Jonas Altman

@sfagency

Why I Stopped Outsourcing My Memory

And Started Doing Something With My Photos

I take great pride in having a good memory. And if memory serves me right, my friends are often shocked at what I remember. While I might be pleased with the nitty-gritty of what I can recall, most of the time I’m ridiculed for giving so much brainpower to such frivolous stuff.

The choice would be easy for me if I were granted a superpower. I love basking in nostalgia and the thought of having a bottomless memory is heavenly. I know, I could employ the proven tricks in Moonwalking with Einstein — but I’m lazy. I choose to rely on my digital archive that sits pretty at nearly a quarter of a million photos. Unhealthy? Sure. Abnormal? You’d be surprised by the habits of the average happy snapper.

Like most, my point and shoot practice skyrocketed with the advent of digital photography. I’m classified as a mild enthusiast with a mere 150 shots per week. As a species, we snapped over 1.2 trillion photos in 2017. And the lion’s share of these images never make it to print. They stay trapped inside our apps, drives, social networks, and clouds.

An Obsession with Instagram-able Moments

At the turn of the millennium, I went to Coachella. The only cameras back then belonged to professional music photographers. When I recently returned to the festival, it was not the ubiquitous smartphone usage that was surprising but the endless battery charging stations. These awkward fixtures, made up of one big lego-like block, were kitted out with two dozen chest-high sockets. Perfectly-styled teenagers draped about refuelling for their next documentary-esque outing.

As it turns out, this fixation with instagram-able moments is not just an obsession. A recent study claims that snapping pictures actually helps us enjoy experiences more. And for folks like me who might be guilty of such indulgence, I seek comfort in the empirical evidence that taking photos also helps me remember.

But is merely taking the photo enough? Filmmaker Luis Bunuel put it best, “…Life without memory is no life at all…our memory is our coherence, our reason, our feeling, even our action. Without it we are nothing.” Our sexed-up Instagram-able narratives remain stuck in the App. They live in the past, not in the present. By giving a print to a friend, you extend beyond a passing ‘like.’ What you give, is a memory to be enjoyed today as well as tomorrow.

When Those Photos Vanish from The Cloud

When you take as many photos as I do, storage is an issue. My good friend, The Cloud, has thus become a trusted confidant. I put so much faith in him that for the past few years, I’ve placed the digital story of my life right in the palm of his hands. But in a momentary bout of amnesia, he dropped the ball. Or in geek-speak, he forgot to sync with my library and safeguard my snaps. I’m in disbelief, much like I have been previously with The Cloud’s close cousins.

Three months of photos were instantly gone. A first-world problem for sure but I was gobsmacked nonetheless. It reminded me of the time I was burgled before my buddy The Cloud was even born. My hard-drive, the treasure of my digital past was taken along with my laptop. I mourned. Weeks later, to my surprise, I found that I had hidden the hard-drive so well from any potential burglars — that I too was fooled. I began musing ‘If a hard-drive with my digital photos is taken, in whose possession do those memories live? And should I miraculously be reunited with this same hard-drive, do those memories return?’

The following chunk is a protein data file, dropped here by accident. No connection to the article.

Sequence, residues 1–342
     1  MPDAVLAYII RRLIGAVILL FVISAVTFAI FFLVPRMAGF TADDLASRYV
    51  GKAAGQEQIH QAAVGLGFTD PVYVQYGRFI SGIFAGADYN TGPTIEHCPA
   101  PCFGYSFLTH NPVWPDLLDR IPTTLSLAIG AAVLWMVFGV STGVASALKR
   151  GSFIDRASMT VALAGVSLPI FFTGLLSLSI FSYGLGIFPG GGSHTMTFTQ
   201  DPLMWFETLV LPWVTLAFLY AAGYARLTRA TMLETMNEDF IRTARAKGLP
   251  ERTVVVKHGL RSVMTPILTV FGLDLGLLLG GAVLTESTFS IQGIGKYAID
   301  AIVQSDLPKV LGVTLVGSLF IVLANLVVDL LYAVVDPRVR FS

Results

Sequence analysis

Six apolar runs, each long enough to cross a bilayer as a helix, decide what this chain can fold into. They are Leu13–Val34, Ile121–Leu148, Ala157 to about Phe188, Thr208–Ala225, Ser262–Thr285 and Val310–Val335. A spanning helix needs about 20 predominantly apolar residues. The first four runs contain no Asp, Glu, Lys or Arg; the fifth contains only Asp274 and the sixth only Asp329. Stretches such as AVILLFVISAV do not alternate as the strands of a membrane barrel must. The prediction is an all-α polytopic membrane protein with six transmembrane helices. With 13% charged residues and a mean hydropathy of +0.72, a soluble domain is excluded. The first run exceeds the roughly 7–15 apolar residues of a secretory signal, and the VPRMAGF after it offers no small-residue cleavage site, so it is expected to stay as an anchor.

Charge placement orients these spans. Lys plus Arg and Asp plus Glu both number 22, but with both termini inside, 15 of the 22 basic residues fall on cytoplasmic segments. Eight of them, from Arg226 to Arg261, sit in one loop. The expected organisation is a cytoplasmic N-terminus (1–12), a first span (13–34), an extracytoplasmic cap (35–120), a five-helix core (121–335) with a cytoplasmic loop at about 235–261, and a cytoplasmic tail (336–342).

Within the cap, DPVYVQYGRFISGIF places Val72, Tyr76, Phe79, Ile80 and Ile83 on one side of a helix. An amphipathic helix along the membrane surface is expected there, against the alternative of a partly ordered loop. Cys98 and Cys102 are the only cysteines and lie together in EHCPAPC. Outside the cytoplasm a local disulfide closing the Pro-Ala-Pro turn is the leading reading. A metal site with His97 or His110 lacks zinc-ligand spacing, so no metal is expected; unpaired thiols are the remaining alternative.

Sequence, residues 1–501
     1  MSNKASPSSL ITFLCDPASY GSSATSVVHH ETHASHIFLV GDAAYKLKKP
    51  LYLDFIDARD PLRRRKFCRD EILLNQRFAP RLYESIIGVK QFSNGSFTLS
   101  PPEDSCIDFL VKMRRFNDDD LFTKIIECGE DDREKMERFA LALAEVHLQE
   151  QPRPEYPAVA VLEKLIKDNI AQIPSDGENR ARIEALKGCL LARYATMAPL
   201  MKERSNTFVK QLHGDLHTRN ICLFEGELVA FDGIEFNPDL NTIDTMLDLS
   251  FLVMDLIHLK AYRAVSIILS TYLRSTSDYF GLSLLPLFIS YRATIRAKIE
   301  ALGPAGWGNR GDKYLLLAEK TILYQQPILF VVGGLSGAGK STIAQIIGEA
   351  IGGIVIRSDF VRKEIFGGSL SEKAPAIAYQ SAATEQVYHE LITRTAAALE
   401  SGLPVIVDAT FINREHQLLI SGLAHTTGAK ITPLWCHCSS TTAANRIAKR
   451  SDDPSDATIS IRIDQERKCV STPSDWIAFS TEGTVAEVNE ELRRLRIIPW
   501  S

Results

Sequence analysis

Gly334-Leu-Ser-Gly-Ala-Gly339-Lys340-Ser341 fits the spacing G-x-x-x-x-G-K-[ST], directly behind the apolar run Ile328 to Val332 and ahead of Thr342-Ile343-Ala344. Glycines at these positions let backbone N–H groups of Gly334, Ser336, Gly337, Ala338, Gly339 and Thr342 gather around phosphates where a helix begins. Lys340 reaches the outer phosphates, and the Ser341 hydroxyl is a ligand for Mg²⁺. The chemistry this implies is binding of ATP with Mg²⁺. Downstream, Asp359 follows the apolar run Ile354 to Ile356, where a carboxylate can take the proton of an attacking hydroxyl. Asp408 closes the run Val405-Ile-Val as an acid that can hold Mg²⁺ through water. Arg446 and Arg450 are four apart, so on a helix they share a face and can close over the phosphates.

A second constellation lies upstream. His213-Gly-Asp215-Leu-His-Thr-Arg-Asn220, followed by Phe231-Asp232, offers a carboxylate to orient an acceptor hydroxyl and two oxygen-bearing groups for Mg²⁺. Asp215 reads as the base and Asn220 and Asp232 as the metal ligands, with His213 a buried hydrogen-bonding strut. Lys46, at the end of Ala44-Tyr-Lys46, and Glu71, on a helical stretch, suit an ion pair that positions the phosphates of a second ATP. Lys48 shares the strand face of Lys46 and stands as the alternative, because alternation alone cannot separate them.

On reflection, had I printed and shared these photos like I intended, my anxiety would have been greatly reduced. The anguish was not a result of lost memories so much as the failure of sharing them with friends and family.

It’s Hight Time To Do Something With Our Photos

The reality is that most us want to experience our photos more often. The problem is not that we lack the time, but that our photos are in a total mess. “My photos are in a state of utter chaos. I am haunted by this feeling,” cried one happy snapper I interviewed.

Oodles of companies are trying hard to get you to activate your photos. At the very least, they urge you to a print up a canvas, book, mug or even a pillow. The problem for me is: I’m lazy. I think of a future scenario where I might finally create space to organize, print, share, and enjoy all of my photos. My delusion is that each month, I only compound the problem by adding thousands of more images to the mix. That time of kicking back and reliving those memories only fades further into the distance.

If I’ve learned anything from my photo mayhem it is this: it’s high time I stop moaning and start doing something with my snaps. So this year, every month I am printing and framing one photo to give to someone. I’m starting today and encourage you to do the same. After all, isn’t it time we set our photos free?

Playa Azul on North Coast

Our digital libraries once had a hero in a snazzy service called Everpix. The list of benefits to help you organise your photos was exhaustive, my favourite of which was photo deduplication. While the startup alleviated the pain of organising and allowing users to spend more time enjoying — it never quite took. This got me thinking more and more that the problem lies with us and not the technology.

If I’ve learned anything from my photo mayhem it is this: it’s high time I stop moaning and start doing something with my snaps. So this year, every month I am printing and framing one photo to give to someone. I’m starting today and encourage you to do the same. After all, isn’t it time we set our photos free?

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